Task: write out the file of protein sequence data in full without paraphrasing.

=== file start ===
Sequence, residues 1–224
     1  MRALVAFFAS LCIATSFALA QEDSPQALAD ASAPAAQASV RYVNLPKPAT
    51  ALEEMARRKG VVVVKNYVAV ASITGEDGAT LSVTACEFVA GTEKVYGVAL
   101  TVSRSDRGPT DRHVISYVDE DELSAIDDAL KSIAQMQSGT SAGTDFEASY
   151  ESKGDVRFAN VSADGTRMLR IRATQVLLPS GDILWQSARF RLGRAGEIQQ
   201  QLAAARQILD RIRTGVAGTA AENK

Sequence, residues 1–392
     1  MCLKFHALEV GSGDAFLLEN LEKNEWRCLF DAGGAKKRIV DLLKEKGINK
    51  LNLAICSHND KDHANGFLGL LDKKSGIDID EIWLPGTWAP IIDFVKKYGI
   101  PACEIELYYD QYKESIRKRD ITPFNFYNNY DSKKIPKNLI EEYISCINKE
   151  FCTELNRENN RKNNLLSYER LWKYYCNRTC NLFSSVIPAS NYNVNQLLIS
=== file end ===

Sequence, residues 1–224
     1  MRALVAFFAS LCIATSFALA QEDSPQALAD ASAPAAQASV RYVNLPKPAT
    51  ALEEMARRKG VVVVKNYVAV ASITGEDGAT LSVTACEFVA GTEKVYGVAL
   101  TVSRSDRGPT DRHVISYVDE DELSAIDDAL KSIAQMQSGT SAGTDFEASY
   151  ESKGDVRFAN VSADGTRMLR IRATQVLLPS GDILWQSARF RLGRAGEIQQ
   201  QLAAARQILD RIRTGVAGTA AENK

Sequence, residues 1–392
     1  MCLKFHALEV GSGDAFLLEN LEKNEWRCLF DAGGAKKRIV DLLKEKGINK
    51  LNLAICSHND KDHANGFLGL LDKKSGIDID EIWLPGTWAP IIDFVKKYGI
   101  PACEIELYYD QYKESIRKRD ITPFNFYNNY DSKKIPKNLI EEYISCINKE
   151  FCTELNRENN RKNNLLSYER LWKYYCNRTC NLFSSVIPAS NYNVNQLLIS